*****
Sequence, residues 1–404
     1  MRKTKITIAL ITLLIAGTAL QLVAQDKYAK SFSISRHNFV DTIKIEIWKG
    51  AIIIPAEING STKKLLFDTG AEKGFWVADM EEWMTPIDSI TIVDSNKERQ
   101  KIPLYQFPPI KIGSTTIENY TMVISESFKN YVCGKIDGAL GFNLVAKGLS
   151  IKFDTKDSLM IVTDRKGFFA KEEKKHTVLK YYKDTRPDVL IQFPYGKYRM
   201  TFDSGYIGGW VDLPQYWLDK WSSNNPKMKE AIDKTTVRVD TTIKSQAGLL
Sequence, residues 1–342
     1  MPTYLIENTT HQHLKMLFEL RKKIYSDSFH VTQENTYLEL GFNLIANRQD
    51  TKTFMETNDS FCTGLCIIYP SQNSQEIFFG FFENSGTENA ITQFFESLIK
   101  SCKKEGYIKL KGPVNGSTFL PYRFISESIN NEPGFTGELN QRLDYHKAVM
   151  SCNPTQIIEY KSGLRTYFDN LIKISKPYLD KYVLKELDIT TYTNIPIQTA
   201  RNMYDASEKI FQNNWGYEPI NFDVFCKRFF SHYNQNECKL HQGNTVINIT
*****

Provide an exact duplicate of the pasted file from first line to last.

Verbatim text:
Sequence, residues 1–404
     1  MRKTKITIAL ITLLIAGTAL QLVAQDKYAK SFSISRHNFV DTIKIEIWKG
    51  AIIIPAEING STKKLLFDTG AEKGFWVADM EEWMTPIDSI TIVDSNKERQ
   101  KIPLYQFPPI KIGSTTIENY TMVISESFKN YVCGKIDGAL GFNLVAKGLS
   151  IKFDTKDSLM IVTDRKGFFA KEEKKHTVLK YYKDTRPDVL IQFPYGKYRM
   201  TFDSGYIGGW VDLPQYWLDK WSSNNPKMKE AIDKTTVRVD TTIKSQAGLL
Sequence, residues 1–342
     1  MPTYLIENTT HQHLKMLFEL RKKIYSDSFH VTQENTYLEL GFNLIANRQD
    51  TKTFMETNDS FCTGLCIIYP SQNSQEIFFG FFENSGTENA ITQFFESLIK
   101  SCKKEGYIKL KGPVNGSTFL PYRFISESIN NEPGFTGELN QRLDYHKAVM
   151  SCNPTQIIEY KSGLRTYFDN LIKISKPYLD KYVLKELDIT TYTNIPIQTA
   201  RNMYDASEKI FQNNWGYEPI NFDVFCKRFF SHYNQNECKL HQGNTVINIT